Thus, by putting on a load in the 3-phase dishwasher after dinner we also charge the batteries last thing at night so that there is always enough power to get us through to the next day. (In actuality, the batteries have enough power stored in them to enable the Quinta to run normally with no lack of power for 2-3 days, but you get the picture.) The 3-phase dishwasher can do a load in 20 minutes, so a couple of loads done during dinner is usually sufficient – any extras are loaded into the normal dishwasher for cleaning with the breakfast detritus during the morning when the sun is shining. This normal dishwasher does a load in 3 hours, but basically costs nothing to run.
In this way, while any use is made of the 3-phase dishwasher, we are also charging the batteries and pumping water at no extra cost and any use of the normal dishwasher during the day incurs no costs for the Quinta. Both dishwashers have hot water fed to them from the solar system, thus avoiding the need for them to use electricity to heat the water. This system, (feeding water pre-heated by the sun into the machines), is also used with the clothes-washing machines, and this saves, literally, thousands of euros every year. Both washing machines are working pretty well all day simply on the power supplied direct from the sun with no need for the genny to start.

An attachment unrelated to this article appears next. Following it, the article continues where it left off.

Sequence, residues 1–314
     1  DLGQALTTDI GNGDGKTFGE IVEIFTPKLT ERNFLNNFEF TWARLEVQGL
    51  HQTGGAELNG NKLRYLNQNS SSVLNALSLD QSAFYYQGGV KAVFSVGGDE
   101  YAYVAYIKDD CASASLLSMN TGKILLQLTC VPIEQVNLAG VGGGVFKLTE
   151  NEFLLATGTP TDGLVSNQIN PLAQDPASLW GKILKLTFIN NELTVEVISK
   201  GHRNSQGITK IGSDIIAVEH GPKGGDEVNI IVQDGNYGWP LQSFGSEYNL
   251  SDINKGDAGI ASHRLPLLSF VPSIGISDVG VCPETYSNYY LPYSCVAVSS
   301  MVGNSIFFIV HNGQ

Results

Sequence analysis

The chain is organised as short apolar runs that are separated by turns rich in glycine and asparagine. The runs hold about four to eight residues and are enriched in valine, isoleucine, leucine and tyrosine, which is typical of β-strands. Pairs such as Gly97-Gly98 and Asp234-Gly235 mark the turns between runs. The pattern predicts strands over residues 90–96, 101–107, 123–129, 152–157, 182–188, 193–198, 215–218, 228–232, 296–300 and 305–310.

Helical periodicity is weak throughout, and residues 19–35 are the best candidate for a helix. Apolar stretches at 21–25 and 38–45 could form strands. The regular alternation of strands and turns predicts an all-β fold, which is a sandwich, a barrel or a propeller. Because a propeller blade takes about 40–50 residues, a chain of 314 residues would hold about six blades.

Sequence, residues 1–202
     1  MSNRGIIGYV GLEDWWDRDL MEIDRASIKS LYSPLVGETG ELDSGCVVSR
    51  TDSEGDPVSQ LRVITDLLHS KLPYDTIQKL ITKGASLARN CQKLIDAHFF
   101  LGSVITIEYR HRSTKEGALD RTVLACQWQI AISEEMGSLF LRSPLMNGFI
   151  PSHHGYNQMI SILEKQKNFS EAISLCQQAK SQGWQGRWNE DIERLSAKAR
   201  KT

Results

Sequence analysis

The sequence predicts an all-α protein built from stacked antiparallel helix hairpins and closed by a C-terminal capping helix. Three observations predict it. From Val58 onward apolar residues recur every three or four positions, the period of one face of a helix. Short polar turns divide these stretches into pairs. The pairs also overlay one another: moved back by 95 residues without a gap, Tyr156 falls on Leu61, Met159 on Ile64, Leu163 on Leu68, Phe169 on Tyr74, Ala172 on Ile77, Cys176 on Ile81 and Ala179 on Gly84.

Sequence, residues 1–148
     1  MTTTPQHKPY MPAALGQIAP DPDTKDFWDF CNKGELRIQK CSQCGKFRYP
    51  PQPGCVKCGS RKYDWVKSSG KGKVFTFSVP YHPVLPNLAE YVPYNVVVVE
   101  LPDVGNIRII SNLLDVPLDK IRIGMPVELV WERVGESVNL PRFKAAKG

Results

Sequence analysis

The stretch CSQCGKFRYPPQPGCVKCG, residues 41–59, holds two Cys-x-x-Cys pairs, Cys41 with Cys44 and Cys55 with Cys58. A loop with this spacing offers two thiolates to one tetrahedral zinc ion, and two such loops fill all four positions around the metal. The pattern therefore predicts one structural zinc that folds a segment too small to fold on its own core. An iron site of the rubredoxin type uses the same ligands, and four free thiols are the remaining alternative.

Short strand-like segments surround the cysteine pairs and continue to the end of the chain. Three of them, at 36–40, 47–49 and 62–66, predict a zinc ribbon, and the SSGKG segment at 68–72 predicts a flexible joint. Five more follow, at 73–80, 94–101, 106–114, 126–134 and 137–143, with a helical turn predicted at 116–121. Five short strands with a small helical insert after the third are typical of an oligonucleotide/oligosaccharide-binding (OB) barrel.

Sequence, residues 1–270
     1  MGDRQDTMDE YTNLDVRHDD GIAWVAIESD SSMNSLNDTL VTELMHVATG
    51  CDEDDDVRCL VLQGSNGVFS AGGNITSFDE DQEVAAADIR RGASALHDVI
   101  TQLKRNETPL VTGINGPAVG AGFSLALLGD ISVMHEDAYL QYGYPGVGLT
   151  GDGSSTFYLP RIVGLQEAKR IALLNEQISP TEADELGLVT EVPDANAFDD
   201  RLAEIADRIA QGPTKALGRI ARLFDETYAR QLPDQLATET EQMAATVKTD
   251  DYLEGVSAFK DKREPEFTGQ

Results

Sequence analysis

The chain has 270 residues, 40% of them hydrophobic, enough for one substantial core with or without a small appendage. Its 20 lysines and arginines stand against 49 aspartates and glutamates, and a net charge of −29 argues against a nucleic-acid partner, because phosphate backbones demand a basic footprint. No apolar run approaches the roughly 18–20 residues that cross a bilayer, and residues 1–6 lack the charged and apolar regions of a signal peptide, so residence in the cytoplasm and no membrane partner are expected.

Finally, there is an electric fence that switches on automatically every night to deter the Wild Boar from partying in the garden. These animals can do a great deal of damage in a single night.